My original idea was to create a ruffle of lightweight silk around the edge of the base polymer disk but my efforts reminded me of a horse show ribbon. On to Plan B. As I dug through a stack of articles from various magazines, I found one by Hadar Jacobson about using the inside of a sand dollar shell as a texture plate. I've been liking the effect of combining organic and formal textures into one element, so that became the base, colored with Prismacolor pencils and a touch of acrylic paint. Next I created a two-layer base-- again with one organic and one ornate texture-- for the molded bird button in a metal bezel from JemsGems. I've been incorporating twisted wire into my pieces lately so I added a layer of antiqued bronze wire as abstract branches, another nod to the finches of the painting.

I had planned to use some vintage metal findings separated by bronze twisted chain for the stringing on the right side so I drew a base plate design based on the findings' scroll motif. I impressed the clay with a texture plate I made from a piece of dimensional scrapbooking paper I found at Michael's, used my scalpel to handcut the scrolls, cured the clay and then patinated it with gilders paste. Using a bronze-brown clay as the base color made the patination stand out and accentuated the texture.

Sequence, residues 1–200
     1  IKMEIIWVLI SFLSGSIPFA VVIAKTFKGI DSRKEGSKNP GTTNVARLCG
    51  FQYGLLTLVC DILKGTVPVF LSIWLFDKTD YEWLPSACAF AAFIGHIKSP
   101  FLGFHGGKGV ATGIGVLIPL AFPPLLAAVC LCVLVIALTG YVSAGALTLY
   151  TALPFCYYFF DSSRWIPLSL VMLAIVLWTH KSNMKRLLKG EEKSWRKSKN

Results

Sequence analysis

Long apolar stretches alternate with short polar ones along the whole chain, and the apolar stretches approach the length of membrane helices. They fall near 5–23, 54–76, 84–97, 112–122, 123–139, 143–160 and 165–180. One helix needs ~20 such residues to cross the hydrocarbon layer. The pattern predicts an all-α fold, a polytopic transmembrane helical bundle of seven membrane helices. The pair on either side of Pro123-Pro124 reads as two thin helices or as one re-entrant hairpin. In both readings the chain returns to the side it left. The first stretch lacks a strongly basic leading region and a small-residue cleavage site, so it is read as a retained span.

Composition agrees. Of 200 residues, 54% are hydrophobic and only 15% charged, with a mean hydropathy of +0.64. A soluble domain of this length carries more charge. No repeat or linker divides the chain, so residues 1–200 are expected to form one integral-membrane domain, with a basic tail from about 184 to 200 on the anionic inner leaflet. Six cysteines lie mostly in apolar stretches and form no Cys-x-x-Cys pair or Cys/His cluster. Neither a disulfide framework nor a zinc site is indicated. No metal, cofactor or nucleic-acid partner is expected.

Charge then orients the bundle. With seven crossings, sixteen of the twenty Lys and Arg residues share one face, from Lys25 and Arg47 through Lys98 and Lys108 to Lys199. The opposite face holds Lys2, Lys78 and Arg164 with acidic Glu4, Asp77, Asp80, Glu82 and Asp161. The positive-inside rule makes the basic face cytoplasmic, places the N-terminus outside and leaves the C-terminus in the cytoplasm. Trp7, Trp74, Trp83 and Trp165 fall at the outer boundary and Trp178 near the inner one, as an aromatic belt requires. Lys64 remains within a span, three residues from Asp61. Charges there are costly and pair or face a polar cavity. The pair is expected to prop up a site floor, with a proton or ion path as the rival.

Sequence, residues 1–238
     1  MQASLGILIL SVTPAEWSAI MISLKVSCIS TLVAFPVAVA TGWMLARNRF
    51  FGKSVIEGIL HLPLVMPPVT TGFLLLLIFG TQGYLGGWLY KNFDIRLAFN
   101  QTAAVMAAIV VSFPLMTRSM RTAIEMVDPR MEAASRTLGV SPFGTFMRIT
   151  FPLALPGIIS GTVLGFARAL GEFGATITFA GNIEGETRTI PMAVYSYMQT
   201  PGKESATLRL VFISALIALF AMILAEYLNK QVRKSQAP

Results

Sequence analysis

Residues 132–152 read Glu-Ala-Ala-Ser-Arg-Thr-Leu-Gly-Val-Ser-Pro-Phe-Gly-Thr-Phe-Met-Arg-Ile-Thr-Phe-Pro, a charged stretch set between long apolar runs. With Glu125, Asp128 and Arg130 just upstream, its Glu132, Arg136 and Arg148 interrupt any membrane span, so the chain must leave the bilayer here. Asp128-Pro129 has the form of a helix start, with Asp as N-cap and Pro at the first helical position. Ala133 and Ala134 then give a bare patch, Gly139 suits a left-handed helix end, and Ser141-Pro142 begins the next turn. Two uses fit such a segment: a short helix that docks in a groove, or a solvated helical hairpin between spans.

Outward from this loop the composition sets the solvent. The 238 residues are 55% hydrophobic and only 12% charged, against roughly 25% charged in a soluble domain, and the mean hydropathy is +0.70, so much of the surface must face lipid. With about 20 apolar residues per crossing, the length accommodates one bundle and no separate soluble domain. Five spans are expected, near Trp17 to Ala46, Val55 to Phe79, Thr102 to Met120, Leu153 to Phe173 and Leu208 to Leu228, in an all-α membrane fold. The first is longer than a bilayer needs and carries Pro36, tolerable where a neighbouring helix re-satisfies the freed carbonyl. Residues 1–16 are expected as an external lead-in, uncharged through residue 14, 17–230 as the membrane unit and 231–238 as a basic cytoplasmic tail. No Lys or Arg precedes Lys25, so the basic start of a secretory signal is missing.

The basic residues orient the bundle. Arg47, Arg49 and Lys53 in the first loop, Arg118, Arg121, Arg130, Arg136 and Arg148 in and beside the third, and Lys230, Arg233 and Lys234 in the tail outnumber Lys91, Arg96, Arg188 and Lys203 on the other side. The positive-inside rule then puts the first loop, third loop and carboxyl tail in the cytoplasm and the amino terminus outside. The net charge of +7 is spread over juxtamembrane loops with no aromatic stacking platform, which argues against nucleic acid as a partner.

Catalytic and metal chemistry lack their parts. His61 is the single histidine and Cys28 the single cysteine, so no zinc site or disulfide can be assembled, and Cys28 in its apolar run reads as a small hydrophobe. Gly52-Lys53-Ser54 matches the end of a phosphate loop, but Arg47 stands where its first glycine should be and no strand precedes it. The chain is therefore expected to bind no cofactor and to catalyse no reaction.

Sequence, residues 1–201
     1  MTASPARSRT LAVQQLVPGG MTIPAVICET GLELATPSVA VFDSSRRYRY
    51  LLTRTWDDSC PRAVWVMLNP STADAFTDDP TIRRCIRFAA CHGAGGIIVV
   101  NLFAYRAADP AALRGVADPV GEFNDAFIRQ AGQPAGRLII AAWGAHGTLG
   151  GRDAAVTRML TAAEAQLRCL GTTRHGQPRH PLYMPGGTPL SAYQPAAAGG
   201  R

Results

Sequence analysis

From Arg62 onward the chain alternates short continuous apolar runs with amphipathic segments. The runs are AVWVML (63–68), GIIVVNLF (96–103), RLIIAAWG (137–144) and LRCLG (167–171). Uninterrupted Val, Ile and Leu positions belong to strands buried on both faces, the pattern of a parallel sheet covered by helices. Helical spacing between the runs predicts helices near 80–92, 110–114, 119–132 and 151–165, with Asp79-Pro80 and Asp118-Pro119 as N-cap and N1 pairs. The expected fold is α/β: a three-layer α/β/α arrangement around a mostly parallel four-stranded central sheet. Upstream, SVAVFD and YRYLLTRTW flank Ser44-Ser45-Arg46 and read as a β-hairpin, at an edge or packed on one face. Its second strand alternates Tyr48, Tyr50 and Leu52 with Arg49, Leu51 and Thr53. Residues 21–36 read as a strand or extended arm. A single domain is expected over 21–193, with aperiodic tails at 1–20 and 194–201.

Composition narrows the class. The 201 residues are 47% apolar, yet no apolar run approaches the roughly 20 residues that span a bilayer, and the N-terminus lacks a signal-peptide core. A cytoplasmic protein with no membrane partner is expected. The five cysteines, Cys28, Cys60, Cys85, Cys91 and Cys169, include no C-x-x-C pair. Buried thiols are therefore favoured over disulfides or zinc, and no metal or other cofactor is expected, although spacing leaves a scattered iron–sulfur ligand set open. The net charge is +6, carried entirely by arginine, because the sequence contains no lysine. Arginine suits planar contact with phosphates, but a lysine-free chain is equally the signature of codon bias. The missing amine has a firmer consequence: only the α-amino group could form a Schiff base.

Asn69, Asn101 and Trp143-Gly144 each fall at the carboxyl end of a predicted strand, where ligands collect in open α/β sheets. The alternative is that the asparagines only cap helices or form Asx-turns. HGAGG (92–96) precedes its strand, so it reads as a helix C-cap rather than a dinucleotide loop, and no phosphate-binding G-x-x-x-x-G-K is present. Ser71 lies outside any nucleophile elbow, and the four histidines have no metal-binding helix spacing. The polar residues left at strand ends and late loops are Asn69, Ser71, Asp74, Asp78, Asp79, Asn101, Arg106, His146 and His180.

I made up some accent beads using mokume gane for the polymer veneer, this being a technique borrowed from Japanese metalworking. The pearls were a happy find in my stash-- they were the exact color of the bamboo leaves from the Challenge's silk painting. I finished up with vintage chain from One Piece at a Time and a vintage clasp from Jems Gems and I was done.

The Emperor's Nightengale

Detail of focal

I was pleased and honored to find that editor Heather Powers picked my necklace for the Designer of the Week this past Monday. Thanks, Heather and the rest of the ABS editors!